Report Finds DHHS Missed 'Red Flags' in Multiple Child Abuse Cases

Mar 5, 2018

A recent report from the Maine Children's Ombudsman found that the Department of Health and Human Services failed to follow proper assessment policy in multiple child welfare cases, including children in their parents' care.

Earlier this week, a 10-year old girl from Stockton Springs was found beaten to death in her home, after months of abuse. Former neighbors and school officials say they contacted DHHS with concerns about possible child abuse. Several lawmakers are now calling for an investigation into DHHS's handling of the case.

In her 2017 report, Maine's Child Welfare Services Ombudsman Christine Alberi said multiple child abuse cases involved the department's “failure to follow assessment policy, failure to follow safety planning policy, or failure to recognize risk to children in their parents’ care.”

Of particular concern, said Alberi, were cases involving highly vulnerable children.

The extent to which DHHS was involved with 10-year old Marissa Kennedy is unclear. Her mother and step-father are now charged with her murder. But Republican Senate President Mike Thibodeau says he thinks her death could have been prevented.

"There were red flags. The system failed this little girl."

Marissa Kennedy attended school in Bangor last year and more recently lived in Stockton Springs. Several former neighbors from Bangor told reporters this week that they witnessed or heard what sounded like abuse in the home and repeatedly called police. On Thursday, Bangor Schools Superintendent, Dr. Betsy Webb, issued a statement that staff contacted DHHS on several occasions to report suspected abuse while Marissa Kennedy was a student. Senator Thibodeau now wants Governor LePage to investigate DHHS's handling of Kennedy's case.

"We want to make sure that the chief executive, this is high on his priority list, and that he takes a personal interest in making sure and understanding what has happened, and being absolutely committed to improving the checks and balances. Because this can't happen again."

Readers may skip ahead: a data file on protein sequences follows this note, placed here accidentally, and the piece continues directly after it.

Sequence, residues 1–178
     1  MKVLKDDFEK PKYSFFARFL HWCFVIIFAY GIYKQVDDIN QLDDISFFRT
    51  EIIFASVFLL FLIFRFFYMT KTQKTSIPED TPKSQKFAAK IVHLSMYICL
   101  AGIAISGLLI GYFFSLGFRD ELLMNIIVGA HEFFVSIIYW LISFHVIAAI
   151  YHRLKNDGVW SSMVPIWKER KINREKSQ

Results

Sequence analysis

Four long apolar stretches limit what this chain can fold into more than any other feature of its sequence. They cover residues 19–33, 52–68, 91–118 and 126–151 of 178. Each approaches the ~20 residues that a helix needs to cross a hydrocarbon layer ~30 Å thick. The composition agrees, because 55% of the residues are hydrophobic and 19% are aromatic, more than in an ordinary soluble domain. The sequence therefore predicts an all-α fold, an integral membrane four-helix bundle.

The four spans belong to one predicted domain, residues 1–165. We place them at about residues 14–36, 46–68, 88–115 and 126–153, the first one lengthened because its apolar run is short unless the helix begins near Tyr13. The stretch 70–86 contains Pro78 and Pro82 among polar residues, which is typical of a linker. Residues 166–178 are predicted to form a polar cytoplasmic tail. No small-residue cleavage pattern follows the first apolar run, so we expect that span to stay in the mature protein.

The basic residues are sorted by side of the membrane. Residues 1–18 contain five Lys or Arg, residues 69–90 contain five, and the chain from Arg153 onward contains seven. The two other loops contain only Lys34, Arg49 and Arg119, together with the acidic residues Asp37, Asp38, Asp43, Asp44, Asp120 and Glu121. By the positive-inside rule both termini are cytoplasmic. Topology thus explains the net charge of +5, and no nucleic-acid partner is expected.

Thibodeau isn't the only lawmaker calling for an investigation.

Democratic Representative Patty Hymanson is co-chair of the Health and Human Services Committee. She says she wants to know DHHS protocol after someone makes a call to report suspected abuse.

"What was the problem that broke down?” asks Hymanson. “Are other case workers overwhelmed? They are wonderful people, and I'm sure they're up at night because of this tragedy."

Hymanson is sending a letter to the Government Oversight Committee to ask them to conduct an expedited review of DHHS's process.

A spokeswoman for Governor LePage issued a written statement saying that DHHS is conducting a thorough internal investigation, as is the Child Death Review Panel, an independent body. The findings will be reported to the governor for his review and action.

DHHS did not respond to a request for comment about the call for the investigation. But in 2017 the Department did provide a response to the assessment from the Maine Children's Ombudsman's report. It said its Office of Child and Family Services engages in monthly face-to-face contacts in critical cases, and actively works with staff "to promote improvements where needed."

This story was originally published March 2, 2018 at 5:46 p.m. ET.